What Exactly is Convection Cooking?

How Do I cook with Convection?

Convection cooking is not as scary as most think it is. Simply, the air inside your oven is being blown around your food; a reverse rotisserie. Rather than the food rotating to get an even heat on all sides, the air is being spun around the food to accomplish the same goal. Cookies will taste better and meats will remain crisp on the outside and tender and moist on the inside.

There are many different brands that offer convection and most offer convection as an option that you can use but are not forced to use. I definitely recommend using it but I’ll explain the different options and you can choose which one will be suit you. Brands that offer convection can offer up to three different methods of convection. One is the third element convection, in which there is an element in the rear of the oven cell that is being blown around the oven cell by a fan. Two is the fan only convection, in which the heat element on the bottom of the oven is on and the fan is moving the air around the oven cell. This will result in the bottom of the oven remaining hotter than the rest of the oven cell, however it will even out more of the oven cell than just using the bake element. Third is another fan only option, in which both the broil element and the fan are on. This is great for meat, but will result in a higher heat in the top of the oven, similar to what the bake and fan convection produces. Pure convection refers to the first option, the third element convection.

Microwave Convection? There is another option, called a convection microwave or microwave convection, in which a microwave element is added to the mix to further speed up the cooking. A convection microwave is NOT the same as a microwave convection. A convection microwave must have a thermal heat element as well as a microwave element. They should be able to be used independently, as well as combined. They are typically the same size as a microwave and Sharp makes them all, regardless of the name brand on the outside. This is an industry secret, that some salespeople will not tell you. Sharp has the technology and the manufacturing all set up, it is much cheaper for them to manufacture them for various brands and just put the brand name on it. I do have a convection microwave and I LOVE it. I live in an apartment and have no option to change my oven. My microwave is made by Sharp and carries the Dacor brand on it. I have made turkey’s, thousands of cookies and have also made my entire family purchase one. They are a great option when you do not have the space for an entire convection oven or just want a back up second oven. It does do all the things you rely on your microwave for, but also is a handy little second oven. Next, I’ll explain how to use them.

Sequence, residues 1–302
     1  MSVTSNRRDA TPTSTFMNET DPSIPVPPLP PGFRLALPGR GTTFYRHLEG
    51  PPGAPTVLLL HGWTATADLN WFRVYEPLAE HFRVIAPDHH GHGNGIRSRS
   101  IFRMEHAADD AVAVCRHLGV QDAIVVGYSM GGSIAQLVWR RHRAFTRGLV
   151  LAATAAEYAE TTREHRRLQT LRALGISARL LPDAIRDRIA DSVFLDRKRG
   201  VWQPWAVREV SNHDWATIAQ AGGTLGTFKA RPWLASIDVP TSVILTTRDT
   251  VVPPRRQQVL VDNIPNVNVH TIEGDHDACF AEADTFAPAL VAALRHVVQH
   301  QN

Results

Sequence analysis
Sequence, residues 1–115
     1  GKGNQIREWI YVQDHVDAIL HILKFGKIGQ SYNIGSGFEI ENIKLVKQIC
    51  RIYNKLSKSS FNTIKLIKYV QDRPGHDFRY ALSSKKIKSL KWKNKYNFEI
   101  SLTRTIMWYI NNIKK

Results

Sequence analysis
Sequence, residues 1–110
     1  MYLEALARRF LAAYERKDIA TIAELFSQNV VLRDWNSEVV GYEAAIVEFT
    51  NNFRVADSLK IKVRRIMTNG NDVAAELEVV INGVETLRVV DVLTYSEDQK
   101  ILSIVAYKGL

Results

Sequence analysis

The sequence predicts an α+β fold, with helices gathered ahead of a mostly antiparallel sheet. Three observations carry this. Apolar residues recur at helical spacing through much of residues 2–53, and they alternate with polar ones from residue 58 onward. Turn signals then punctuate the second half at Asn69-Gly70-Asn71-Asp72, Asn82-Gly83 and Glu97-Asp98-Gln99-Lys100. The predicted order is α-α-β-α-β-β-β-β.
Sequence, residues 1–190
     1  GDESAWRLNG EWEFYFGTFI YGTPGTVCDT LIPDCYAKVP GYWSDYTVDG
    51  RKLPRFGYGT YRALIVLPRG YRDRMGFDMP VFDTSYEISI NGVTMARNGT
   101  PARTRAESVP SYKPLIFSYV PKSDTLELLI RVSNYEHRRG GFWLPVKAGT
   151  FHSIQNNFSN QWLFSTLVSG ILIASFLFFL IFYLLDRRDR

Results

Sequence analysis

Convection recipes are not that easy to find. Most recipes will give you the regular bake option. In most cases, NOT all, simply reduce the cooking time by 10 percent and reduce the temperature 25 degrees. This is the recommended starting point. You will need to monitor your food and make sure that it doesn’t burn, at least until you get the hang of it. If you have a gas convection oven, the oven will almost always be hotter on the bottom of the oven. Secondly, you should use the flattest pan possible. Cookies, breads and pizzas should be done on the thinnest cookies sheets and on ones WITHOUT rims. Rims will allow the air to hide and you will end up with burnt bottom bottoms and raw tops. There is no need to use “air bake” sheets, as these are best for ovens that don’t have convection. Meats should be cooked on raised racks, such as “V-racks” or roasting racks. You want the air to be able hit all sides of the food to properly cook the food. Makes sense right? The smaller the pan, the more air that can hit the food.

When not to use convection? Any large items which require a deep pan (think lasagna or casseroles) are not suited for convection. These items should be cooked using convection bake or just regular bake. Convection bake is when the bottom element and the fan are on… so the heat being pushed up from the bottom of the oven cell is able to penetrate the deeper dish pan, while the fan helps cook the top and make sure there are no hot spots in the oven.

What went wrong? If you are using convection and experiencing hot spots, try a self clean cycle on your oven. Simple as it sounds, sometimes when the oven is used, pockets of grease or dust can gather in the oven and block the air from flowing as it needs to. Self cleaning will get the oven up to 700 to 900 degrees and incinerate everything inside it. Once you have self cleaned the oven, it should work better. If it doesn’t, and you have tried lowering the temperature, you should have an authorized servicer verify the temperature and the elements. Most ovens will not allow you to use convection without preheating them. In a convection microwave you must manually preheat it, unless using a preset cooking mode. Preheating is key to getting the most out of your oven. As boring as it sounds, the use and care manual that came with your oven does have a trouble shooting section that will also have tips on what could have gone wrong if your food did not come out as expected.

Please see my other articles regarding the comparison of some top brands and other little known facts.

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